The study was conducted by the Inter-American Development Bank (IDB) and it has warned that the urban poor that do not have access to any enhanced income from self-grown products are most at risk from the food price shock.
Also expected to be hard hit by higher international food prices are net food importers with a greater share of spending concentrated on tradable foodstuffs and with little room to let their currency appreciate.
“There is a need to increase and improve targeting of aid, perhaps through reformed conditional cash transfer schemes, to these groups to compensate the effect of the food price surge,” according to the Policy Note published by the IDB’s Research Department.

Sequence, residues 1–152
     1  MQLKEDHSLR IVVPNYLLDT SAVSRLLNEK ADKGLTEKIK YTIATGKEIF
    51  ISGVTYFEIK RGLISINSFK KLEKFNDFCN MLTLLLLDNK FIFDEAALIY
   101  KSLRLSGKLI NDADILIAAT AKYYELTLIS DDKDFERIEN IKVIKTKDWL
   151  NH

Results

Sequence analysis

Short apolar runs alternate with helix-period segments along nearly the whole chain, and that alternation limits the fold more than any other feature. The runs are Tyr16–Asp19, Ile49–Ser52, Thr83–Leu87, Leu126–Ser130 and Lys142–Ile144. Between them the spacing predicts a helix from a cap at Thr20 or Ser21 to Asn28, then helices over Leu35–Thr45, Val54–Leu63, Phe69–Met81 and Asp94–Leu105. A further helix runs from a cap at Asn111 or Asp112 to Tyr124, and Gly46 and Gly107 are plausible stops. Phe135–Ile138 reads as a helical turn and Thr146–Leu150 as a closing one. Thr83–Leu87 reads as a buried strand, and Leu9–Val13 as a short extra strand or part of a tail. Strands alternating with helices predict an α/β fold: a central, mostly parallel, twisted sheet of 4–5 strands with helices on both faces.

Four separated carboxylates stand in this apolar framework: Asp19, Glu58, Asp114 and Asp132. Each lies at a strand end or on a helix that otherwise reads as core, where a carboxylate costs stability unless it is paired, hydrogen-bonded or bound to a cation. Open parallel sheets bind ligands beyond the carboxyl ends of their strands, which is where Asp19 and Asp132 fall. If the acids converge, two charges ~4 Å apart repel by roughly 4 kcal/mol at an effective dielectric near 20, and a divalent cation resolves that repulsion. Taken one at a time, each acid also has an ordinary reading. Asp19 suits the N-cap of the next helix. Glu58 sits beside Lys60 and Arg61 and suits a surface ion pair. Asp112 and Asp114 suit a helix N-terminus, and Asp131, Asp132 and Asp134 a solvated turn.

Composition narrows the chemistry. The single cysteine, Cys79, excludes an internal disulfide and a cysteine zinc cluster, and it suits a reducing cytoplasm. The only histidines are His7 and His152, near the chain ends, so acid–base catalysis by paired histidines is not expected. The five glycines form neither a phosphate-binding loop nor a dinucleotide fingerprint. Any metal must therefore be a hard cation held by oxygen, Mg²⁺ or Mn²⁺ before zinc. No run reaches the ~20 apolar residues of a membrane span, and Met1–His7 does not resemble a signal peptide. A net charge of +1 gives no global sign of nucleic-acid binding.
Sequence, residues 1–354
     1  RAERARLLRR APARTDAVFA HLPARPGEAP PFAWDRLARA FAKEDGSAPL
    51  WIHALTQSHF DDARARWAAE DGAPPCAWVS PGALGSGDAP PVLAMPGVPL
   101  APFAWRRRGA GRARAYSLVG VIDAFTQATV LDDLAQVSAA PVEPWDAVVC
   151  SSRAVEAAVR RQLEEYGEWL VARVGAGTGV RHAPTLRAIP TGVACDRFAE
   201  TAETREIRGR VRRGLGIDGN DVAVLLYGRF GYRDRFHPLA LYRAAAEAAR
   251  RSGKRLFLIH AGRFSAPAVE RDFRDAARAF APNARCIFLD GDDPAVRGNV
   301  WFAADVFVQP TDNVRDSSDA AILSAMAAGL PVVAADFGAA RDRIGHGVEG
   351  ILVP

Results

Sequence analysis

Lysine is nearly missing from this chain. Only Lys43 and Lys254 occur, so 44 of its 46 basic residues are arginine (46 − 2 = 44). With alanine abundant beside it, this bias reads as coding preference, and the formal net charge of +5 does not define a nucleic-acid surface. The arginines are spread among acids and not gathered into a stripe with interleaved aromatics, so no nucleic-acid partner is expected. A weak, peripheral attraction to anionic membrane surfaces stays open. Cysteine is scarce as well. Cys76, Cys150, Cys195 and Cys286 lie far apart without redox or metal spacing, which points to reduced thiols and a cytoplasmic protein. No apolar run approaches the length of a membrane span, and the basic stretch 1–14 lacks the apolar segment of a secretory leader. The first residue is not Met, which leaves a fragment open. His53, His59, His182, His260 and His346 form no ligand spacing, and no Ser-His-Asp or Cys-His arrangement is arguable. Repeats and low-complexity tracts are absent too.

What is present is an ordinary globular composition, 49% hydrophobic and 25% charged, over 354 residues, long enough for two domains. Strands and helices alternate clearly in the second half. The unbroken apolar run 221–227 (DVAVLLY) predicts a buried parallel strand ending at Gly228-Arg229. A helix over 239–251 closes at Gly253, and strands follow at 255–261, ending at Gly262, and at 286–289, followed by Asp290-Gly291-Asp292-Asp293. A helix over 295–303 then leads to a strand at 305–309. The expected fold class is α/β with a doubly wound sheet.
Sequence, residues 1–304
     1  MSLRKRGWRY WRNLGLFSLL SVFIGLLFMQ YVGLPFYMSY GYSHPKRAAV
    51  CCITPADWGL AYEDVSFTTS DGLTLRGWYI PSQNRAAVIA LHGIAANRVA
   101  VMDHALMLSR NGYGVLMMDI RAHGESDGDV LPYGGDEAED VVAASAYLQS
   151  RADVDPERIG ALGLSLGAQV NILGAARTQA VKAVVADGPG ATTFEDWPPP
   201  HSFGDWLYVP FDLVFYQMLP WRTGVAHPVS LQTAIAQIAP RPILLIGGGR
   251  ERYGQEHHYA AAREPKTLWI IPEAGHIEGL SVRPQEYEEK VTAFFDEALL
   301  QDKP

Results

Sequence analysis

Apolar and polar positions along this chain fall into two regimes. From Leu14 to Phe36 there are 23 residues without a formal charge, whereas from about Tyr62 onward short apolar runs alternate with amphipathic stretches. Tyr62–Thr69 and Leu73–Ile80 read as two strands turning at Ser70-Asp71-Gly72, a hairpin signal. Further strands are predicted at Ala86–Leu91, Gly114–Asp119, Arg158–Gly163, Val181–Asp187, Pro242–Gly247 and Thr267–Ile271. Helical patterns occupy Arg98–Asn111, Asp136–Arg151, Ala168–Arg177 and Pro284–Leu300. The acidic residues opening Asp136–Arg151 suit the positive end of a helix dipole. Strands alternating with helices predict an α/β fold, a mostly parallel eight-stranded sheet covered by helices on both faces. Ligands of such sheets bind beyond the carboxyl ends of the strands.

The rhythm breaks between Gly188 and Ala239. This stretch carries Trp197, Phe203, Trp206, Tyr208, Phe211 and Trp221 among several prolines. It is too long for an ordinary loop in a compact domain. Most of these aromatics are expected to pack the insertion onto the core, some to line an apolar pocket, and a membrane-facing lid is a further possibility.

“How will the food price shock affect inflation in Latin America and the Caribbean.”
The report estimates the potential inflationary impact of higher international food and oil prices in the region and discusses policies that can be used to alleviate the impact of higher food prices on inflation.
The study concludes that rising oil prices will only significantly affect inflation in a small number of countries in the region this year.
(Major portions of this article were incorporated from a Caribbean360 report)